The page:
The National Arts Merit Awards (Nama) are not a lottery ticket for artists to cash in, but a platform for appreciation of outstanding creativity, the National Arts Council of Zimbabwe (NACZ), has said.
By Kennedy Nyavaya
The pronouncement dispels most artistes’ gripe on why the prime national arts awards have not been parceling more than just a gong and a certificate to winners in recent years.
“It is not like we give monetary prizes as our awards, monetary prizes come as a value addition so at times we see that the noise and controversy comes from what we give because people expect money,” NACZ spokesperson Catherine Mthombeni told The Standard Style.
This comes at a time the deadline for submission of entries for the 18th edition of the country’s biggest arts award ceremony has been set for November 30, while the ceremony will be held on February 16 next year at a venue to be announced.
According to Mthombeni the award is only a “coveted trophy and certificate” and anything else is dependent on the availability funding or sponsorship.
“These other things that then come are value addition and since the inception of Nama we have been consistent, we hold them regardless of the economic challenges,” she said.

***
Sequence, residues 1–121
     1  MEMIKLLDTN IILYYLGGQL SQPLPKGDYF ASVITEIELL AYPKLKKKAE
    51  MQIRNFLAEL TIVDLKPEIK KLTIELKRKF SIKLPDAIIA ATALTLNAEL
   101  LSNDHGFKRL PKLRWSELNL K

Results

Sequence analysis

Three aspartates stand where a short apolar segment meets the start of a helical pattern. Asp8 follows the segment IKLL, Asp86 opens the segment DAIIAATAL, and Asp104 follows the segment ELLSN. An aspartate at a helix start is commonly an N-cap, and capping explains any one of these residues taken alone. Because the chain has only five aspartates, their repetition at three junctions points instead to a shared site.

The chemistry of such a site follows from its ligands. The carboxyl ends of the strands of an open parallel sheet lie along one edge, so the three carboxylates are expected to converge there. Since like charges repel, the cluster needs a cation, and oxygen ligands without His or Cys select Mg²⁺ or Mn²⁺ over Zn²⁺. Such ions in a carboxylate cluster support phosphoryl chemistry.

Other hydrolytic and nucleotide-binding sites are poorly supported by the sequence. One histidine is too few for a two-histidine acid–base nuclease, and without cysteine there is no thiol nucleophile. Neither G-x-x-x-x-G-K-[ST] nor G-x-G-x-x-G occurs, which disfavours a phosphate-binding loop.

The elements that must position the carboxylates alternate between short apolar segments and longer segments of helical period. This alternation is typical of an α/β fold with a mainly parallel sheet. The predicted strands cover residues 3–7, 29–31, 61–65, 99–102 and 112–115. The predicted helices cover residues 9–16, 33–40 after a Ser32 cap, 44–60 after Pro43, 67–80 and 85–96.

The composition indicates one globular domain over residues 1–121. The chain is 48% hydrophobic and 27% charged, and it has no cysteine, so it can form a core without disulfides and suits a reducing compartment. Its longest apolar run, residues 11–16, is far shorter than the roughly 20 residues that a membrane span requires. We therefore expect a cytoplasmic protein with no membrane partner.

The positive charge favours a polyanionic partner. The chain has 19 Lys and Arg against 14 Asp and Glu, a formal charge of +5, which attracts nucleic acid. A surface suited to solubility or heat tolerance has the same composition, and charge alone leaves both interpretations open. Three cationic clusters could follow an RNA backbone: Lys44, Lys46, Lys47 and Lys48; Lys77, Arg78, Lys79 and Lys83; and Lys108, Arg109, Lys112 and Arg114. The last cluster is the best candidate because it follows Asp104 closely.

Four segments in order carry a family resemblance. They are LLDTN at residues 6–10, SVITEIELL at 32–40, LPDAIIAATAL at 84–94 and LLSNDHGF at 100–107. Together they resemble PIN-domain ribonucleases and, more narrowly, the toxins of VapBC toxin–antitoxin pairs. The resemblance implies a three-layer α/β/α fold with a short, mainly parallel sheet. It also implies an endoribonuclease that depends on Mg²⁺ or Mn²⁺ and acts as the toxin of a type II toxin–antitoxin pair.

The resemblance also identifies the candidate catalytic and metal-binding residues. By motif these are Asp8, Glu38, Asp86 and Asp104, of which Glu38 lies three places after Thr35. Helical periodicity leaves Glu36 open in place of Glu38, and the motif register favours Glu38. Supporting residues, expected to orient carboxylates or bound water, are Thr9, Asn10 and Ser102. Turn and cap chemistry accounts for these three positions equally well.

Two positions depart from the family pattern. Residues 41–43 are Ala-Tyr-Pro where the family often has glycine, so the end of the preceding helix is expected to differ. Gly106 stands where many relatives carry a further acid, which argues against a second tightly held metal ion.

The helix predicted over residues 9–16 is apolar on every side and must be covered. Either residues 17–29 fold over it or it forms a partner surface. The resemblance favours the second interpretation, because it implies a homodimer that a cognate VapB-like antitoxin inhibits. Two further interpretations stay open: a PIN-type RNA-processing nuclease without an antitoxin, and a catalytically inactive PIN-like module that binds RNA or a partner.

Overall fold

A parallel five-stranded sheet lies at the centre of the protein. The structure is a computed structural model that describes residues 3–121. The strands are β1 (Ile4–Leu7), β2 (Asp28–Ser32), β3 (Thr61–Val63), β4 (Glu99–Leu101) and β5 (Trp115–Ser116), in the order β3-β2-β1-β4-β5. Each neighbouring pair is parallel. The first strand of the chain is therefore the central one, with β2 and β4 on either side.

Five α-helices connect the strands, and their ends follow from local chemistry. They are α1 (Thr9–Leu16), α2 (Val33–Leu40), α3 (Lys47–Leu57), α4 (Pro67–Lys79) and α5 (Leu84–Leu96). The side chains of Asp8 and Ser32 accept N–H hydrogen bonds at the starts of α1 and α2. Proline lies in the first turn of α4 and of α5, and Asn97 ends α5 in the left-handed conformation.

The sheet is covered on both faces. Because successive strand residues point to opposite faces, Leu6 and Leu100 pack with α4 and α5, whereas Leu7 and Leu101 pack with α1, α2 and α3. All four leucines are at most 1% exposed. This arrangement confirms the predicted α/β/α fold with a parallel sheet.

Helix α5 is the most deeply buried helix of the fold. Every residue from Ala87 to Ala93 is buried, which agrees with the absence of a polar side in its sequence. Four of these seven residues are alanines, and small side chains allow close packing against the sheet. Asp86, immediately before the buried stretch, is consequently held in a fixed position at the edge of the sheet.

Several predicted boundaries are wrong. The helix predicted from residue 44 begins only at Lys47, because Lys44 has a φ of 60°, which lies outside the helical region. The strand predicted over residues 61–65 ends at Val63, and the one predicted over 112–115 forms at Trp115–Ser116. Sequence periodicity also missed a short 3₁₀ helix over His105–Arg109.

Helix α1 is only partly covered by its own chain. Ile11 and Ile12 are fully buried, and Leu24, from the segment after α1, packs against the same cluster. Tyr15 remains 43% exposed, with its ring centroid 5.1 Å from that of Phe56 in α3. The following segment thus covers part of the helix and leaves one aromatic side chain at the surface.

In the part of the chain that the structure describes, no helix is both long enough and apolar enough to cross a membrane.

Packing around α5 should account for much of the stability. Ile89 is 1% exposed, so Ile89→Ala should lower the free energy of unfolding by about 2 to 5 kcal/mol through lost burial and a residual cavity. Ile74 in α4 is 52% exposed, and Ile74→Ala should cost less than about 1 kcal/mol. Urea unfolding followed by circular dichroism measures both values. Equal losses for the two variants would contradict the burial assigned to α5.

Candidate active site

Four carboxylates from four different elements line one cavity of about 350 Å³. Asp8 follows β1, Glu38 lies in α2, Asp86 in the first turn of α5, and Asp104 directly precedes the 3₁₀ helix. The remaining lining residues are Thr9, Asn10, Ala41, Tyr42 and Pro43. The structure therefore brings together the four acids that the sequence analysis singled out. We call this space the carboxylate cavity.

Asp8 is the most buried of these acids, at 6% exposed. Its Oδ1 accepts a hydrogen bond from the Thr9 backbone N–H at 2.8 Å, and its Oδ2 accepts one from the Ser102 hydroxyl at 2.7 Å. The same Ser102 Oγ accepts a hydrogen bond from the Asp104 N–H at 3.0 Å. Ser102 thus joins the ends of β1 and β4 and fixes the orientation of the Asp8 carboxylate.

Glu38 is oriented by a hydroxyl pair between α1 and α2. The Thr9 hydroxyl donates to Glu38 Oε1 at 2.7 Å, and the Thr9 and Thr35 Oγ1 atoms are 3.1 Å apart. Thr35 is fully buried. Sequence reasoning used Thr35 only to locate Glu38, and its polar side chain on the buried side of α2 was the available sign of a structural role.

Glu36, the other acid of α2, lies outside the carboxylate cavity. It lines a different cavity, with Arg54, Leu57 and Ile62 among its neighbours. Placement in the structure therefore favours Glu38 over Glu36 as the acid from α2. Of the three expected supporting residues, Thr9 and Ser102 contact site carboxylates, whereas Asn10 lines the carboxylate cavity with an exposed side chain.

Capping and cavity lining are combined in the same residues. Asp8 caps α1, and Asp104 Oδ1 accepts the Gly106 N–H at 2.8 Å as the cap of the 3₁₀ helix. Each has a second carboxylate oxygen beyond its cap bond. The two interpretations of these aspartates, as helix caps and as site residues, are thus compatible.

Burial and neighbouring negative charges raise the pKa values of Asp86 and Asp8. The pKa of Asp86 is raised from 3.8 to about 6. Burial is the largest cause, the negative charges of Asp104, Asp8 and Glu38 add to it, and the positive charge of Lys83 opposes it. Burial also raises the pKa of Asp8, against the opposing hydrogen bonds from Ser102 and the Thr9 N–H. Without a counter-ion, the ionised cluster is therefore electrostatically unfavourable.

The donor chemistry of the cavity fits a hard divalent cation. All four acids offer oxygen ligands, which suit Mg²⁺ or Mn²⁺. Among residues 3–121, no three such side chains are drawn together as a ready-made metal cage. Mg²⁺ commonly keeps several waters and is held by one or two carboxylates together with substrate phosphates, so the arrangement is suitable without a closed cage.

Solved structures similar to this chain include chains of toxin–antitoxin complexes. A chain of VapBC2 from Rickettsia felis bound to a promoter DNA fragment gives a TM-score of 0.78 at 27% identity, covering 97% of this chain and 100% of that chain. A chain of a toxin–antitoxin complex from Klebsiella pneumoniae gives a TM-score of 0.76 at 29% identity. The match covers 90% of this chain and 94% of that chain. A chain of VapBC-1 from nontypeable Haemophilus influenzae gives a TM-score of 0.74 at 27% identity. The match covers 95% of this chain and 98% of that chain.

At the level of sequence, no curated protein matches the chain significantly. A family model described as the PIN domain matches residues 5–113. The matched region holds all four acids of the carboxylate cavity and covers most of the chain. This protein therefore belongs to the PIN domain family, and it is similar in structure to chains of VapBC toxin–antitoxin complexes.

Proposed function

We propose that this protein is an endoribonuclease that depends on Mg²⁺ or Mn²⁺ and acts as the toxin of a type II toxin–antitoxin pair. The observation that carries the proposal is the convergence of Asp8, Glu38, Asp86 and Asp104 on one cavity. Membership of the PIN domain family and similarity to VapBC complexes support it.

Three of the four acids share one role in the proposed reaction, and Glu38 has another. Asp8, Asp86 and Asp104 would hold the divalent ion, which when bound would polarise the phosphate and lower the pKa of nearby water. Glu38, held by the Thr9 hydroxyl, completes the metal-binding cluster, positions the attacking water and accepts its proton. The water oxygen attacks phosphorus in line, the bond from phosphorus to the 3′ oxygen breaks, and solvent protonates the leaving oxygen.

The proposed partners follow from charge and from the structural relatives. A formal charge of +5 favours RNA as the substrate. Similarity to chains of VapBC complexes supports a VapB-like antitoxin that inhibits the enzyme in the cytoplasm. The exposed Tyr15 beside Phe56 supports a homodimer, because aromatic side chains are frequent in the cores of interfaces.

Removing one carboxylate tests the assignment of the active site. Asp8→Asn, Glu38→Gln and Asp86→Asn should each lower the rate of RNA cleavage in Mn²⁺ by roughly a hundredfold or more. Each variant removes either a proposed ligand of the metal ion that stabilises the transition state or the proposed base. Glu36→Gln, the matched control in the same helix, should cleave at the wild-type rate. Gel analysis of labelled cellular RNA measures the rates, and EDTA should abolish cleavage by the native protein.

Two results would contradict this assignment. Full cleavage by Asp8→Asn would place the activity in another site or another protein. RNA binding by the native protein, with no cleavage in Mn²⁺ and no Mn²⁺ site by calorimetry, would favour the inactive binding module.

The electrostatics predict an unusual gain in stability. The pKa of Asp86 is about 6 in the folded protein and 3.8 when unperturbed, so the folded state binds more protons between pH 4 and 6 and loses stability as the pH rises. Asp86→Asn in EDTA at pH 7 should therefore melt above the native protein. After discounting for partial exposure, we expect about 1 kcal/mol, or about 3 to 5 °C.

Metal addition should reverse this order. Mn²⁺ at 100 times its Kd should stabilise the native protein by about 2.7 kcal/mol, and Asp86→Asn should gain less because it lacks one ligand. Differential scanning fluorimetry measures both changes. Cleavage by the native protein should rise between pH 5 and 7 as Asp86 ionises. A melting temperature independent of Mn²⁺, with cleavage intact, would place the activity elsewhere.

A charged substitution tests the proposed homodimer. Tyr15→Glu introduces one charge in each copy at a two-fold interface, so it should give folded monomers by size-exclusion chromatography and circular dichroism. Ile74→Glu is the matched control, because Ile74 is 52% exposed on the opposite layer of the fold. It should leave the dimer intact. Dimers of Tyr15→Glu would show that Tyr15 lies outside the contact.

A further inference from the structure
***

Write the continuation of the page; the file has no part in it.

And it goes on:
NACZ director Nicholas Moyo also weighed in revealing that the Nama planning budget running in excess of $105 000 was already a strain to the government institution.
“Monetary prizes will remain a far-fetched goal for NACZ because Nama costs about $105 000 per year and in this economy, it’s bad. So, when we get a part of it, we use it accordingly,” said Moyo.
However, the recently elevated boss added that cash prizes were “the last thing we will ever give” even if they were to get more funding.
“I would prefer even taking Nama to Elephant Hills Hotel [Victoria Falls] and fly all nominees there. We want to give them a memorable experience of the awards and when we say value-addition that is what we are talking about,” he said, adding that they were following to an international template.
“We will never sit and say we have made profits, so let us put a cash award. that is not going to be in the middle to long-term because we will be creating a wrong image about the awards, even international awards do not give money.”
True to his sentiments major awards like United States’ Annual Grammy Awards do not give physical cheques, but according to South Africa’s Independent Online: “the association to the Grammy’s…does have them (artistes) reaping substantial financial gain in the long run.”
Moyo also added that his fear was that some artistes would “go and blow it [cash prize] off”.
“When you put value to the awards then artistes get rich because then they get more signings. so we want to invest in the image of the awards because if we give money the issue is that they will go and blow it away.”
Meanwhile, Moyo said they will be rebranding the awards which have been marred by controversy almost each year casting a dark cloud over their credibility.
“We want to rebrand it (Nama) although it may not be this coming year because it is an institution and it will be unfair for me to promise a lot for people to say we are waiting for better things because my predecessor has left,” he said.